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Chapter 38: The Conspiracy against the Individual

Why is it so difficult for the world to accept you as you are?

There are many implications. First, the world never accepts anybody as he is. This is something very fundamental about the world and the way it treats individuals.

The individual is small; the individual is born helpless, a child. The world is always big; it has all the power to create or to destroy. The child has no idea who he is - and certainly he needs an identity. The world gives him an identity. The world starts making him, manufacturing him according to its own needs.

The world does not exist for the individual. The whole effort is how to make the individual exist for the world.

The world is always there when the individual comes. All its vested interests are there: its religion, culture, civilization, its way of living, its system of beliefs. And to make the individual function as a cog in the wheel, the world programs the child just like a computer is programmed.

The child is not accepted as a divine guest to be respected, to be loved, to be allowed to grow, to find his own identity. The child is accepted as a commodity: the whole question is how to make him more useful to the already-existent interests.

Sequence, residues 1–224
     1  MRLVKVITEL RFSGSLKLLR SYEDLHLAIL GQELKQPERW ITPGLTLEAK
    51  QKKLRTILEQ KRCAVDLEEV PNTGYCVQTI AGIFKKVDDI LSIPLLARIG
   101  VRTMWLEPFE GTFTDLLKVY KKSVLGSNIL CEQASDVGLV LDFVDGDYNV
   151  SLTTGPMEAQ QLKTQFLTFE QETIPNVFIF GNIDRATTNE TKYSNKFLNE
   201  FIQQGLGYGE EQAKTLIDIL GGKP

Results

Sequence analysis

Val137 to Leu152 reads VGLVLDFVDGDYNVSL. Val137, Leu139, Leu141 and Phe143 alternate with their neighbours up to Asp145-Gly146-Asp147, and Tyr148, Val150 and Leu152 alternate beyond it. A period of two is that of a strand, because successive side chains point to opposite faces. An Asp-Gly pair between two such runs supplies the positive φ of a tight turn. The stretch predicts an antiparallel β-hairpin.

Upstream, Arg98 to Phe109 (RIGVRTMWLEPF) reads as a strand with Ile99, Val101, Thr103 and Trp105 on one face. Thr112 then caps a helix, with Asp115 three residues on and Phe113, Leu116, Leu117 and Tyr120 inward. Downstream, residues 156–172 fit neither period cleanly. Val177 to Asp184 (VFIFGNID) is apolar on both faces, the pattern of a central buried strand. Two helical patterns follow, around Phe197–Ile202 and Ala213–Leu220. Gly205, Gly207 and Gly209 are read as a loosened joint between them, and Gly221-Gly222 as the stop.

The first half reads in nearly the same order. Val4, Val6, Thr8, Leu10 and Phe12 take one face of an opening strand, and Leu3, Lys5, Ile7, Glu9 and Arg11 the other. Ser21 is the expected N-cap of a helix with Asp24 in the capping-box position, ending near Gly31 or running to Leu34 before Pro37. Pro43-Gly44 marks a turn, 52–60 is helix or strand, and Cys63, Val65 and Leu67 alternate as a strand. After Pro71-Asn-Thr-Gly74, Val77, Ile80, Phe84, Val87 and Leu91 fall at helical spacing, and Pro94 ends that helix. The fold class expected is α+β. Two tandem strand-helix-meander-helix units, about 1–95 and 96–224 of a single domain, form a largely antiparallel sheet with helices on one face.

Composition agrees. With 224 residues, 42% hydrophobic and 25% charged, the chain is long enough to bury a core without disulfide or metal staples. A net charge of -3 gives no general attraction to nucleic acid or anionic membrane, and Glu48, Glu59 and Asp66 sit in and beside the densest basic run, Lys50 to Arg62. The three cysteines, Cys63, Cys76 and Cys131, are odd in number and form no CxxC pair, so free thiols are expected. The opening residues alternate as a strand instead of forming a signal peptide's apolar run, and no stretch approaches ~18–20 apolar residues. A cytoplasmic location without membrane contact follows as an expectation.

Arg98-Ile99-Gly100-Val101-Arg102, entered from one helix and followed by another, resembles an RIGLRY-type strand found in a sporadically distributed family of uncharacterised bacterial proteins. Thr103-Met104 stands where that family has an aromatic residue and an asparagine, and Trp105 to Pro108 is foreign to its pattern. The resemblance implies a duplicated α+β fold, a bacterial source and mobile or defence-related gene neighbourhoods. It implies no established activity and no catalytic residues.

The whole education system, the priest, the politician, the leader, the so-called wise people - they are all conspiring against the individual. Their conspiracy is to kill the individuality, the freedom, the intelligence - any possibility of revolt. There should not be left in the individual any seed of saying no. He should be programmed in such a way that he becomes an obedient servant.

Hence obedience is so much praised: parents like the obedient child, teachers like the obedient student, the society likes the obedient citizen. Those who are not obedient are thought to be misfits, they are condemned. Nobody wants to be condemned, and when the whole world is on one side, a single individual feels so tiny - a dewdrop against the whole ocean - that he cannot think himself to be right; the ocean must be right.

A strange split is created in the individual. If he follows the ocean, the collectivity, then he goes against his self-nature, he commits suicide. He will live a posthumous life. He will breathe, he will walk, but he will not be himself. He will be simply programmed, conditioned - “His Master’s Voice,” a record which goes on repeating the same song. The song is not his own; it has been handed over to him. The society wants him to repeat it.

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